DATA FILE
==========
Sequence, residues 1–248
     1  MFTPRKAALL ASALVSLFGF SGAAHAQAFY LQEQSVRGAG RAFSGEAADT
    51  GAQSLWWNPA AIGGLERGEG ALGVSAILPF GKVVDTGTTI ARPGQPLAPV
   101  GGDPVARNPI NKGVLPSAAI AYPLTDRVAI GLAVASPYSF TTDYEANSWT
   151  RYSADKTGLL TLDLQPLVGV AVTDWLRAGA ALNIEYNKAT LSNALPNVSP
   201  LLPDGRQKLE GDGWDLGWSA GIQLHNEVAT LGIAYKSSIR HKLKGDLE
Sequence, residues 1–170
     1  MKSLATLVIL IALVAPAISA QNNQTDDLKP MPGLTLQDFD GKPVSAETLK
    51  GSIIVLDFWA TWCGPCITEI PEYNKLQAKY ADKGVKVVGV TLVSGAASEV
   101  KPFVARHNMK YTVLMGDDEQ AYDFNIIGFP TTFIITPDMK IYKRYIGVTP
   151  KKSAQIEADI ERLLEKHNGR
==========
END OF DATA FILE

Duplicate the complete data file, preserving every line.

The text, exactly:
Sequence, residues 1–248
     1  MFTPRKAALL ASALVSLFGF SGAAHAQAFY LQEQSVRGAG RAFSGEAADT
    51  GAQSLWWNPA AIGGLERGEG ALGVSAILPF GKVVDTGTTI ARPGQPLAPV
   101  GGDPVARNPI NKGVLPSAAI AYPLTDRVAI GLAVASPYSF TTDYEANSWT
   151  RYSADKTGLL TLDLQPLVGV AVTDWLRAGA ALNIEYNKAT LSNALPNVSP
   201  LLPDGRQKLE GDGWDLGWSA GIQLHNEVAT LGIAYKSSIR HKLKGDLE
Sequence, residues 1–170
     1  MKSLATLVIL IALVAPAISA QNNQTDDLKP MPGLTLQDFD GKPVSAETLK
    51  GSIIVLDFWA TWCGPCITEI PEYNKLQAKY ADKGVKVVGV TLVSGAASEV
   101  KPFVARHNMK YTVLMGDDEQ AYDFNIIGFP TTFIITPDMK IYKRYIGVTP
   151  KKSAQIEADI ERLLEKHNGR